Finally, we can plot the resulting dynamics over time, species, and/or sites

# transform list of projected densities to dataframe df <- densities_to_df(projected.densities) # tidy df$species <- dplyr::recode(as.character(df$species), "1" = "S1", "2" = "S2", "3" = "S3") # plot dynamics.plot <- ggplot2::ggplot(df,ggplot2::aes(year,density,col=species))+ ggplot2::geom_line()+ ggplot2::facet_grid(stage~site,scales = "free")+ ggplot2::scale_color_manual(name="",values=c("darkgreen","orange","darkred"))+ ggplot2::xlab("Simulation year")+ggplot2::ylab("Total density")+ ggplot2::theme_bw(base_size=20)+ ggplot2::theme(panel.grid = ggplot2::element_blank())+ ggplot2::theme(panel.grid.major = ggplot2::element_blank(), panel.grid.minor = ggplot2::element_blank(), strip.background = ggplot2::element_blank(), panel.border = ggplot2::element_rect(colour = "black"))

dynamics.plot

**Appendix: Different options for building the coefficient data structure**

Users can generate the list with parameter coefficients through a set of helper functions. The data structure is created with the function `build_param`

, and populated with the function `generate_vital_rate_coefs`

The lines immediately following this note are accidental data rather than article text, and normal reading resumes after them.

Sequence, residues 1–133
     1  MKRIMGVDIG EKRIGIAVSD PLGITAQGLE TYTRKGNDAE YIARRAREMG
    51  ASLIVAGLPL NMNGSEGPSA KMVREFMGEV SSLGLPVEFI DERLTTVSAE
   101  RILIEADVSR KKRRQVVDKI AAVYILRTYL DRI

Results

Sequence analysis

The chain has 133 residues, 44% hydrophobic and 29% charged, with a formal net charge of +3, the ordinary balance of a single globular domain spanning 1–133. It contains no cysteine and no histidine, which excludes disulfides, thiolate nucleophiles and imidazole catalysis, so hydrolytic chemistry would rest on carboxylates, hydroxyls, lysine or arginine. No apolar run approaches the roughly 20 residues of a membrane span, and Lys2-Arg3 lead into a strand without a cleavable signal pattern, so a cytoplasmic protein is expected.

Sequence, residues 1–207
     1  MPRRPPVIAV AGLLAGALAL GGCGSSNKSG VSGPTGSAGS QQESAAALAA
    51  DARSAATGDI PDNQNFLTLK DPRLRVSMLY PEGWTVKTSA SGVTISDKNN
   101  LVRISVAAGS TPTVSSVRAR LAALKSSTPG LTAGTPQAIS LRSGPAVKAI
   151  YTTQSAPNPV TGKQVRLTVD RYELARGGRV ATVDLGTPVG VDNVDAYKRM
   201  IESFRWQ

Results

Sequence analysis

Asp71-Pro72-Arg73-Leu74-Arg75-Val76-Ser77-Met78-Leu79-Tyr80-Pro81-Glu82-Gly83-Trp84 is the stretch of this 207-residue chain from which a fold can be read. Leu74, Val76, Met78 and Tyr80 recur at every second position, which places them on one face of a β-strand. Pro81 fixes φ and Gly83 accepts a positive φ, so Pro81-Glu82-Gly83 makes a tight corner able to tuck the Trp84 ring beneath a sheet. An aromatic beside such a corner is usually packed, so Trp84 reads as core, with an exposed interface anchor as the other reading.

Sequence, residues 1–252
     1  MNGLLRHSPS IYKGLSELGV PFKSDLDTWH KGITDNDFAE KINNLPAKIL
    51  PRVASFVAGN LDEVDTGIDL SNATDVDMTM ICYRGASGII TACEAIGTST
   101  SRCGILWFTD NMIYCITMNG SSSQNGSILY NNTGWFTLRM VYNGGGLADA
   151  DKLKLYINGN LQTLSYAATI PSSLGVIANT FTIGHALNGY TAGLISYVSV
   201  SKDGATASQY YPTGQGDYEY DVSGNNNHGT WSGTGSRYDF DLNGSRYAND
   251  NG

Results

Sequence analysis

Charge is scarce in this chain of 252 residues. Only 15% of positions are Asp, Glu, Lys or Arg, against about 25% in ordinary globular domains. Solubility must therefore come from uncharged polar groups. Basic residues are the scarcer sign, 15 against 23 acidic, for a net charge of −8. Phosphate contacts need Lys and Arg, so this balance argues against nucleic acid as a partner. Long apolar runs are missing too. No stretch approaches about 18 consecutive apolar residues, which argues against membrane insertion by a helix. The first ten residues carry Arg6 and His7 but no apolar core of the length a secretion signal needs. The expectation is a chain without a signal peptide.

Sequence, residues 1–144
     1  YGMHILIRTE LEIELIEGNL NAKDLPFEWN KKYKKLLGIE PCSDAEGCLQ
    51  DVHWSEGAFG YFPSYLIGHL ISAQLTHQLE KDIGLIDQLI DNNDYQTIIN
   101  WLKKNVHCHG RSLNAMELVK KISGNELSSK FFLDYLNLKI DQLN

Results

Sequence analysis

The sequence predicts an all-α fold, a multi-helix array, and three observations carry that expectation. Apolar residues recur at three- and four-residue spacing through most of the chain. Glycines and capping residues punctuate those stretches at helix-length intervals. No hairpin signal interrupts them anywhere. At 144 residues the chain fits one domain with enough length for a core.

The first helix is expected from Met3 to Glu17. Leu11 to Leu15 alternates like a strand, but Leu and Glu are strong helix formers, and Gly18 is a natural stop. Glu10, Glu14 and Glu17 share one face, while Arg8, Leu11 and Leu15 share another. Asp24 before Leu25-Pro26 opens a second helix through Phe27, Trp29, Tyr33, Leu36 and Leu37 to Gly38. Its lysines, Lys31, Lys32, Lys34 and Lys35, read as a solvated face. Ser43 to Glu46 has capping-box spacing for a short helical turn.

.

The function `build_param`

accepts the name of the species modelled, the number or name of sites, a string giving the vital rates included, and an argument `env`

specifying whether environmental forcing is to be accounted for. Lastly, the coefficients from Eq. 1 may include the interaction between the density of one or more species and the environment. The user has the possibility to limit the number of env:species interactions by setting the argument `num.params`

. For example, given three species and including environmental forcing, there are a minimum of 1+1+3 coefficients (the intercept, one coefficient for the environmental effect, and one coefficient for the effect of each species), and a maximum of 1+1+3+3 coefficients, by including each interaction. In this example, we include all environment:density interactions, for a total of eight coefficients. It is assumed that the interactions included follow the order in which the species are entered.

# this builds an empty data structure example_param <- build_param(sp = sp, sites = sites, rates = rates, env = env, num.params = 8)

The `example_param`

structure is a nested list, sorted by species in the first level and site in the second level. Each element is a matrix of dimensions number of vital rates by number of coefficients.

example_param[["s1"]][["sa"]]

There are a number of ways in which these matrices can be populated. The elements, as shown by Eq. 1, are equivalent to the coefficients (on the link scale) of a Generalized Linear Model (GLM). Therefore, if the user has a tidy table with the same number of coefficients, this table can be input to the `generate_vital_rate_coefs`

function via the `glm.object`

argument. For example, using an example coefficient table from a GLM:

data("glm_example_coefs",package = "cxr") glm_example_coefs

Notice that the coefficient names are different from those in the `example_param`

tables. In order to import the GLM table into the structure, we also need to specify the name equivalences: